Young Australians left in Poverty

The National Union of Students released a report into student poverty last week, which found thousands of young people aged 18-21 are being left in poverty due to an Australian welfare system that doesn’t cater to them.

The report, prepared in partnership with the Foundation for Young Australians, makes a series of recommendations, including lowering the age of independence to access Centrelink from 22 to 18, and for Youth Allowance to be raised above the poverty line to at least $88 per day. 

‘Right now, the Australian Government’s Centrelink system provides essential income support for people over 22, but is failing thousands of 18-21-year-olds denied access to financial support,’ the NUS said. 

‘All young people should be able to study with a safety net to pay for rent, books, and food.’ 

The report is based on a survey of 673 current and former students impacted by the Centrelink age of independence rule and payment rates in 2022. 

The report also includes some data from the Department of Education. 

The report found that living in poverty has a range of negative effects on students’ lives, such as being a key contributing fact to housing unavailability and incidents of domestic violence, as well as heightening the risk of developing depression and other mental illnesses. 

Of students who were unable to access Youth Allowance, 60% noted that this had a negative impact on their academic achievement, 35% said that it impacted their job prospects, and 23% noted a negative impact on their physical health.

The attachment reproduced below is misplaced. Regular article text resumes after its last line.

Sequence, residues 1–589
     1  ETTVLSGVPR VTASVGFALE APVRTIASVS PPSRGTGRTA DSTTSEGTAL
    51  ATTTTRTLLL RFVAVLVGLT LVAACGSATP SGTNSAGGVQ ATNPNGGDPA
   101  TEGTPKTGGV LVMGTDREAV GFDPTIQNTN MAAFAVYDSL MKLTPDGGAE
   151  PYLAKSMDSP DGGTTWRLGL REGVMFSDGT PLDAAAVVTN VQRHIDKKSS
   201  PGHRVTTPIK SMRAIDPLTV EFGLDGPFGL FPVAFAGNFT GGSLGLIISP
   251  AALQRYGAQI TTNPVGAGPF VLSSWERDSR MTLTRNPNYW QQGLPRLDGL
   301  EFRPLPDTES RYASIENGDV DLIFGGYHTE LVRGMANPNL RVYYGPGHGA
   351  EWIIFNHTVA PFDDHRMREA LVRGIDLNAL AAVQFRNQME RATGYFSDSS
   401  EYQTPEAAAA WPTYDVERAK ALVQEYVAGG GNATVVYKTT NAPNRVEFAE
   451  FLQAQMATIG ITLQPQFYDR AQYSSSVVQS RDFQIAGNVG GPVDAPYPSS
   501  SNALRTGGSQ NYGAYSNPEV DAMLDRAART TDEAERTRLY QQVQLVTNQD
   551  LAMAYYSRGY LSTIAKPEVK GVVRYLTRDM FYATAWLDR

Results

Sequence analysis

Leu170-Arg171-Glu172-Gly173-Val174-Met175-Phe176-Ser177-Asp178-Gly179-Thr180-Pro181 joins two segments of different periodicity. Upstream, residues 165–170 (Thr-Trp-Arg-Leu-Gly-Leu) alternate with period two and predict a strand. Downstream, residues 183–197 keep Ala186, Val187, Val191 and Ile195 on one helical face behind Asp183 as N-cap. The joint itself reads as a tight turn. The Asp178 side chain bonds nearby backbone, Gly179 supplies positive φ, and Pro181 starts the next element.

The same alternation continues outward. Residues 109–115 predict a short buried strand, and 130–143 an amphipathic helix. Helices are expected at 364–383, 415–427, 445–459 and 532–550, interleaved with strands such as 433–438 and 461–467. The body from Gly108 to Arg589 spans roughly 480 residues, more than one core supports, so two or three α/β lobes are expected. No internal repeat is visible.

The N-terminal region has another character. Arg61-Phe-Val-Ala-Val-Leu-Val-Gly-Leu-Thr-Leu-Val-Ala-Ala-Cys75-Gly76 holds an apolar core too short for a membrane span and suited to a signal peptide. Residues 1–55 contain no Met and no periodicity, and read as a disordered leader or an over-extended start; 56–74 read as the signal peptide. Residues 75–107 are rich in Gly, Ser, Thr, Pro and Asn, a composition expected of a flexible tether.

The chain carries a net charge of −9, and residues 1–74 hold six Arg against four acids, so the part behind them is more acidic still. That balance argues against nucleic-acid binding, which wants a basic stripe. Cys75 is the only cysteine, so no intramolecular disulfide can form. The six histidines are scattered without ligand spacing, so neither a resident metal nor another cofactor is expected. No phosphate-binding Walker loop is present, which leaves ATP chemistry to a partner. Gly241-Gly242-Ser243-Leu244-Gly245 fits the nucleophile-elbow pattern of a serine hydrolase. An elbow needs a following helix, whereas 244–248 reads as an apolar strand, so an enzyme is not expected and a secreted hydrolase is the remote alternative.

NUS President Georgie Beatty spoke out about the Australian welfare system to Honi Soit. 

‘The biggest barrier to higher education at the moment is this welfare system that doesn’t support students,’ Beatty said. 

Other forms of structural inequality intersect with poverty, and the report found LGBTQIA+ students and students with a disability are excluded from Youth Allowance at heavily disproportionate rates. 

The report’s recommendations include: 

  • The Government should lower the age of independence to 18 from 22, and raise student social security payments above the poverty line, to at least $88 per day 
  • Centrelink payments should be indexed to the cost of living (in line with the indexation of the Age Pension), and Commonwealth Rent Assistance should be raised to reflect current rental prices. 
  • Junior employee pay rates should be abolished, as they entrench age-based discrimination and force people under 22 years of age to work below their award rate. 
  • The Disability Support Pension should be reviewed and additional studies into international student poverty should be funded. 

The NUS also told Honi Soit that they are, ‘planning to continue this campaign’ and that they ‘hope for more from the Labor government.’ 

Click here to read more about the NUS’ ‘Change the Age’ campaign. 

Tom Loudon
Tom Loudon

Tom (he/him) is a Meanjin/Brisbane based writer and the Editor in Chief at Glass Media. He has a Bachelor's degree in Fine Arts (Creative Writing) and is currently studying Communications (Journalism) at QUT.

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